In the resort town of Shirama in western Japan, Japanese technology company NEC Corporation is said to be developing a smart city project set to be unveiled in December 2018.
Among the features to be piloted in the high-tech resort town include a smart check-in for hotel guests and smart shopping software that uses facial authentication, riding on the back of NEC’s technology on facial recognition.
The company said the technologies to be unveiled in this smart city undertaking are up for further expansion into a wide range of new areas.
This early, Shin Okada, President and CEO, NankiShirahama Airport Inc., is looking forward to collaborating with NEC “to help create new business for the Shirama area. In a media statement, he said the aim is to “revitalize the regional economy leveraging IoT technologies.”
But what is a smart city without a highly secure architecture?
On October 17, 2018, NEC announced a strategic partnership with Arm to develop security solutions as well for the Internet of Things (IoT), specifically made for smart cities.
Security for IoT
Under the agreement, NEC said it will adopt Arm’s Platform Security Architecture (PSA), an industry standard framework for securing connected devices. This framework includes threat modeling, security analyses, hardware specifications, and architectural guidelines meant to reduce cost, complexity, and risk associated with IoT security.
"The pace of deployment of IoT devices is growing rapidly, and smart cities will be an important use case for AI-enabled IoT," said Chet Babla, vice president solutions, IoT Device IP, Arm.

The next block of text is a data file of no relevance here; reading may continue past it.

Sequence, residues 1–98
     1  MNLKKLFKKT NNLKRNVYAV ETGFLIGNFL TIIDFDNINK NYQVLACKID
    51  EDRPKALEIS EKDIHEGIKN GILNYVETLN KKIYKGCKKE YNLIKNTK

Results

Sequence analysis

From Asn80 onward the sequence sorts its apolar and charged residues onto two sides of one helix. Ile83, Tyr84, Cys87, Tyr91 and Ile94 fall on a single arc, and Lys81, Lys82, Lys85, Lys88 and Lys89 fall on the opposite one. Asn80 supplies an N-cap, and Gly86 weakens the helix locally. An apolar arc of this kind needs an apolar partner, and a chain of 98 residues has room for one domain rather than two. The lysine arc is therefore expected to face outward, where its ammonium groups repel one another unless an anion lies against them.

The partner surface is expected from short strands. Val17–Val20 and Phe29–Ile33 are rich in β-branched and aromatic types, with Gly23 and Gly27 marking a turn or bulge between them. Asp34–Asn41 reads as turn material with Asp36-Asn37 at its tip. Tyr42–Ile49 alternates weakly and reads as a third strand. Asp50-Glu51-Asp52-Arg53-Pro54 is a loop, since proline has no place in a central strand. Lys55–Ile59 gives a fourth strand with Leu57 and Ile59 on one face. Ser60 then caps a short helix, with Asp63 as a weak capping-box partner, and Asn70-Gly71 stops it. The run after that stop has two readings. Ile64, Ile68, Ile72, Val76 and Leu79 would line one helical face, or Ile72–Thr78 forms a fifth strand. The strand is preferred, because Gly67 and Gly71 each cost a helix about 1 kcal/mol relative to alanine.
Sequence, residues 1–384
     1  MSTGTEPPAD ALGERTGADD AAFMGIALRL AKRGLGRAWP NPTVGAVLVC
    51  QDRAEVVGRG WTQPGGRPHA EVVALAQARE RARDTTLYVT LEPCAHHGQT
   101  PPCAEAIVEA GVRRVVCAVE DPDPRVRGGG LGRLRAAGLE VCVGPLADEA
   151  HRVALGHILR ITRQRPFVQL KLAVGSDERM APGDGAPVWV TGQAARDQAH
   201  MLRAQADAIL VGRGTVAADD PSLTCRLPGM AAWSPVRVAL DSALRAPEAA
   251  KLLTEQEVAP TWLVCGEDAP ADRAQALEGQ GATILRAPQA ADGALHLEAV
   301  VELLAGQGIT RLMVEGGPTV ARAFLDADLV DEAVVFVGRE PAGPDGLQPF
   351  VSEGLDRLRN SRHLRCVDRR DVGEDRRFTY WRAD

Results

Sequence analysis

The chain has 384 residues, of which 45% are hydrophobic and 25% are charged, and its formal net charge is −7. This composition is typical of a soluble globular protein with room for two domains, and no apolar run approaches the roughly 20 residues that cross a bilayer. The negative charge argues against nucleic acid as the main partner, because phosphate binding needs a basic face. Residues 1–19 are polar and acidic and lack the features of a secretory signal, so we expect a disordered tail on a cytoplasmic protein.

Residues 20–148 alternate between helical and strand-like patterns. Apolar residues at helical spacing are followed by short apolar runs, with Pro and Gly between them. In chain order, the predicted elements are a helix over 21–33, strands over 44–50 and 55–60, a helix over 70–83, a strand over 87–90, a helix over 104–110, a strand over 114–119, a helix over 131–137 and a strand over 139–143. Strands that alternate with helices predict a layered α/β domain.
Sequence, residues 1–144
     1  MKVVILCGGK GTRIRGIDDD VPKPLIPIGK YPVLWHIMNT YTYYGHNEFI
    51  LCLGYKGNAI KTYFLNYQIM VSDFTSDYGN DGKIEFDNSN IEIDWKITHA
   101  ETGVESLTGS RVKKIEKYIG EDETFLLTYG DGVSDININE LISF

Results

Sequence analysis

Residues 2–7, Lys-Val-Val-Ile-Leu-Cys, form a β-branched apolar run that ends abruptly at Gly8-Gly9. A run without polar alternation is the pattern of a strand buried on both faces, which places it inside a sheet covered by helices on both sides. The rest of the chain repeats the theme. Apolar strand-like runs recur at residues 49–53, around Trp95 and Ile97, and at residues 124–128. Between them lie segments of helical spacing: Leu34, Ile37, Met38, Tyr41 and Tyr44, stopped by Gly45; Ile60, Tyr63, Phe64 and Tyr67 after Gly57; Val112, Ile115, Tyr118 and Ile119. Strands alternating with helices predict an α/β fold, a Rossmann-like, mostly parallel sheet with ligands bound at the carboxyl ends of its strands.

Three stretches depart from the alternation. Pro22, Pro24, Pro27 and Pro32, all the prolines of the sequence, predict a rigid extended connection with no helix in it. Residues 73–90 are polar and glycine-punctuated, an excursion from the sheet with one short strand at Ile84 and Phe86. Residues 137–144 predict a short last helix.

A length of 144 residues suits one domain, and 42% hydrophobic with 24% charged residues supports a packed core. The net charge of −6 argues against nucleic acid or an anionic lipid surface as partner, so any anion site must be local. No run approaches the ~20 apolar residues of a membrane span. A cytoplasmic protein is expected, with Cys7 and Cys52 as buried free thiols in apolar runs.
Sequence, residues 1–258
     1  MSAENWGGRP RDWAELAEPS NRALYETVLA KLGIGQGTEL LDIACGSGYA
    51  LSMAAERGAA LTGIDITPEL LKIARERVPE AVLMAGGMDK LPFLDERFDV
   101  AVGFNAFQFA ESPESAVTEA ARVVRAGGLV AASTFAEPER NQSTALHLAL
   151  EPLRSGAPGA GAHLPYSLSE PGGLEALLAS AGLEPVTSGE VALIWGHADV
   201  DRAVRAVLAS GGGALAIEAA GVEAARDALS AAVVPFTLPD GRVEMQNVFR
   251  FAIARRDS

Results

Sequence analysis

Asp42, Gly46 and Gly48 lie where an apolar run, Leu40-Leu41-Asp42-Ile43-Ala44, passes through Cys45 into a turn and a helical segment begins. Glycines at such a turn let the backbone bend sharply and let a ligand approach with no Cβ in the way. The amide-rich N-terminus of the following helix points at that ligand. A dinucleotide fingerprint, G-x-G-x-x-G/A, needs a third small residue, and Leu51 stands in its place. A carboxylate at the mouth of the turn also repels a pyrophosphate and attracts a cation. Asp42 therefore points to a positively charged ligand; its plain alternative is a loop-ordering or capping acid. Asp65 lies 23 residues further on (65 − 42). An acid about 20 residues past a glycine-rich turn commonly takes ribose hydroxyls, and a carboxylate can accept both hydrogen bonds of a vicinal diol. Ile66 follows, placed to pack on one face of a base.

At Arm’s annual developer conference — Arm Techcon 2018 — held last week in San Jose California, the British semiconductor and software design company unveiled new APIs and API test kits to speed up PSA development.
A blog posted on the Arm website by Paul Williamson, vice president and general manager, IoT device IP Line of Business, Arm, said a year after it was launched, PSA has grown and gathered more industry support.
The new APIs and test kits support three key areas of design, according to Williamson. These include developer APIs for RTOS vendors and software developers, a firmware framework APIs for security experts and the Trusted Base System Architecture (TBSA-M) Architecture Test Kit for chip vendors.
Real-time facial recognition
NEC, whose face recognition technology has been tested by the US National Institute of Standards and Technology, said it is currently developing a "box-type accelerator” device which uses real-time facial recognition that will be securely provisioned by Arm.
This accelerator will be equipped with an Arm processor and enable faster analytics. Commercial sales are expected to launch in the first half of 2019.
"We expect the new accelerator to promote further adoption of face recognition throughout many areas, including the public safety, entertainment, and transportation fields, as it contributes to the security and convenience of consumers worldwide," said Naoki Hashitani, SVP, NEC Corporation.